Never before have Canadians been so interested in a U.S. mid-term election campaign as they are in the current one.
While there have been tensions aplenty between Canada and the U.S. in the past, no U.S. president prior to the current one ever expressed such open hostility toward Canada. That would be reason enough for Canadians to pay close heed to what happens on Tuesday, November 6. And yet, that is not the main reason for the high level of Canadian interest.
The main reason is best summed up in a disillusioned comment by former NBC news anchor Tom Brokaw on Meet the Press on Sunday.
Brokaw noted that a man openly shouted “death to the Jews” as he murdered 11 worshippers in a Pittsburgh synagogue just as authorities were charging an avowed Donald Trump admirer for sending pipe bombs to a number of Trump’s most prominent critics. And yet, one week later, hardly anyone on the campaign trail evokes those horrific incidents.
Instead, the Trump camp has successfully shifted the focus to a caravan of Honduran refugees making its way through Mexico to the U.S. border.
Trump calls this group of desperate people – which includes many children – invaders. The president claims, outrageously and based on no facts, that hiding in the caravan are Islamic State terrorists and criminals intent on wreaking havoc and chaos in the U.S.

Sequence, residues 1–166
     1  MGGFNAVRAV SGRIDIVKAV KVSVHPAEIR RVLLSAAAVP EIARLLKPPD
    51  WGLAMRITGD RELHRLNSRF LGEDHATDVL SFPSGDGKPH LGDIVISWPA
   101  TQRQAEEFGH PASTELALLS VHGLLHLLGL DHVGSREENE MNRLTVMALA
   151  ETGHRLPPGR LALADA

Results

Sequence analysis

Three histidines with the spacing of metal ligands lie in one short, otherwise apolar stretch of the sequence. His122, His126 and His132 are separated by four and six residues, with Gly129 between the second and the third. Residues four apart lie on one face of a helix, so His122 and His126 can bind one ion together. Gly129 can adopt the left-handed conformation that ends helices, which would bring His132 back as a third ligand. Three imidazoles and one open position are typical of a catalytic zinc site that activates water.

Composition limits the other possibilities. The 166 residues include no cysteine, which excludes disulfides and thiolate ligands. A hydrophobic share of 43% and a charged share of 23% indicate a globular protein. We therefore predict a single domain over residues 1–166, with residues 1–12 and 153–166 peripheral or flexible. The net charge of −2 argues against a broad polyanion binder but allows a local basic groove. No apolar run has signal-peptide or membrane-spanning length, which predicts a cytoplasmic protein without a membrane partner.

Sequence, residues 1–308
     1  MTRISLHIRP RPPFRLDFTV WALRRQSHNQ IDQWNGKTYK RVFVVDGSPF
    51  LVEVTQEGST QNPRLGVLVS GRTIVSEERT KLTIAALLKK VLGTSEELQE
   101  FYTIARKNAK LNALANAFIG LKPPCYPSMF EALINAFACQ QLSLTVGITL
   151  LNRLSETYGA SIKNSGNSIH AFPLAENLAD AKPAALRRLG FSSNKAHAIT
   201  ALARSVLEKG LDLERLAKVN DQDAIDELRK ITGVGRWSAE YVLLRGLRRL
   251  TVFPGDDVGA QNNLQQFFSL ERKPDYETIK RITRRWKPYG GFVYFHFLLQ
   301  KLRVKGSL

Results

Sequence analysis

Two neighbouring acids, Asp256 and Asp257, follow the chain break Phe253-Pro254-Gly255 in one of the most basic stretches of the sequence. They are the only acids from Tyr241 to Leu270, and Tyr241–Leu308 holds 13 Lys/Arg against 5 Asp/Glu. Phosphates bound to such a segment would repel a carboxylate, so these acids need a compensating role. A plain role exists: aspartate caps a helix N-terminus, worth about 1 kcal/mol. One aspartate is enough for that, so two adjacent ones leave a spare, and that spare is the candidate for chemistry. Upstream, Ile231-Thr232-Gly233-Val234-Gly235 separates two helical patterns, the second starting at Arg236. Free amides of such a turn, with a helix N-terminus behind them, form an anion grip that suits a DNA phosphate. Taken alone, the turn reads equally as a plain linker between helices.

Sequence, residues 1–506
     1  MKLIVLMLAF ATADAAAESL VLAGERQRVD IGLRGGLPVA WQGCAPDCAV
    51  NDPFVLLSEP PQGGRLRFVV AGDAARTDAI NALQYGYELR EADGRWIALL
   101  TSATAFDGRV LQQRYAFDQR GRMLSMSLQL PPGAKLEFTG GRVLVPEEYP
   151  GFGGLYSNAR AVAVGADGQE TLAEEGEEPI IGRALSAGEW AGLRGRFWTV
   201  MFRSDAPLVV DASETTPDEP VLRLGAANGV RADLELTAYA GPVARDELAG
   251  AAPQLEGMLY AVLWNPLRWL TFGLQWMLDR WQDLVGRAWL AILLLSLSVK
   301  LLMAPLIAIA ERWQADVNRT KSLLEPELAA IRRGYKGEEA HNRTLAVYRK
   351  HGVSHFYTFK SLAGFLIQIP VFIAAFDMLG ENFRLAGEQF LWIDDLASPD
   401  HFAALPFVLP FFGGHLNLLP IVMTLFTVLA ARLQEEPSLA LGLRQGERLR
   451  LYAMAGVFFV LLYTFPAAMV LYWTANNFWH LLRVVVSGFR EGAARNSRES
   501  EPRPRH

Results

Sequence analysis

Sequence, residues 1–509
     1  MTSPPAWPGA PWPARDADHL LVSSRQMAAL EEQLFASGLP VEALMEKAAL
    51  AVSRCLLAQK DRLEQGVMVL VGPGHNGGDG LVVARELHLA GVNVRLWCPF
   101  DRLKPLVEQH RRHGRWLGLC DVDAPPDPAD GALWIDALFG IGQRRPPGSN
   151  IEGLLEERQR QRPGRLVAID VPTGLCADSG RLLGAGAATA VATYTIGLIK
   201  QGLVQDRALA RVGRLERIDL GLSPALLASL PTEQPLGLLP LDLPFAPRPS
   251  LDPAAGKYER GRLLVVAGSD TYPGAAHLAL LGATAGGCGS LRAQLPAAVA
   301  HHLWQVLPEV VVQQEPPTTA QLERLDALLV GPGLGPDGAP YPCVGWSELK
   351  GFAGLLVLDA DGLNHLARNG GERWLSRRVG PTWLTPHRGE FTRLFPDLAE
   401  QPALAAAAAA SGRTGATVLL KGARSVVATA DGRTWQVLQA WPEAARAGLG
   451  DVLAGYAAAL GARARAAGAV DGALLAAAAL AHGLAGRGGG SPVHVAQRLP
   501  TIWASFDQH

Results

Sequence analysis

Trump has ostentatiously sent thousands of troops to “defend” the southern U.S. border. Self-appointed vigilantes who live near the U.S.-Mexico border are organizing to resist this “invasion,” guns at the ready.
Taking a leaf from an earlier Republican attack
The president does not merely make these claims from podiums at rallies. He and his allies are running lurid ads denouncing the Honduran refugees. They connect the caravan with the story of a Latin American migrant who, a number of years ago, killed two U.S. police officers.
The producers of the ad managed to find video of that convicted murderer leering and laughing. Their message is anything but subtle. They falsely accuse the Democrats of having allowed the Latin American criminal to get into the country, and then add that Democrats advocate for “open borders,” thus inviting dangerous hordes from the south to invade the U.S. to steal jobs and undermine public services.
Many in the U.S. media decry this shameless use of the big lie. Many others, however, including a good many Republican candidates and right-wing media, like Fox News, are happy to embrace and amplify Trump’s message.
The caravan ad and accompanying rhetoric are a more extreme version of the infamous Willie Horton ad from the 1988 presidential campaign, in which the senior Bush (George H. W.) defeated Massachusetts governor, Democrat Michael Dukakis.
Horton was on a furlough from a life term in prison when he committed a number of violent crimes, including rape. He was also black. Republicans and their allies used ads featuring images of the sinister-looking convicted felon to accuse Dukakis of being weak on crime. The tactic worked well. Dukakis had been well ahead in the polls, but lost badly on election day.
Few in the U.S. note the cruel irony that, based on his social media posts, the accused mass murderer in Pittsburgh, Robert Bowers, was, in large measure, motivated by hatred and fear of the Honduran refugee caravan.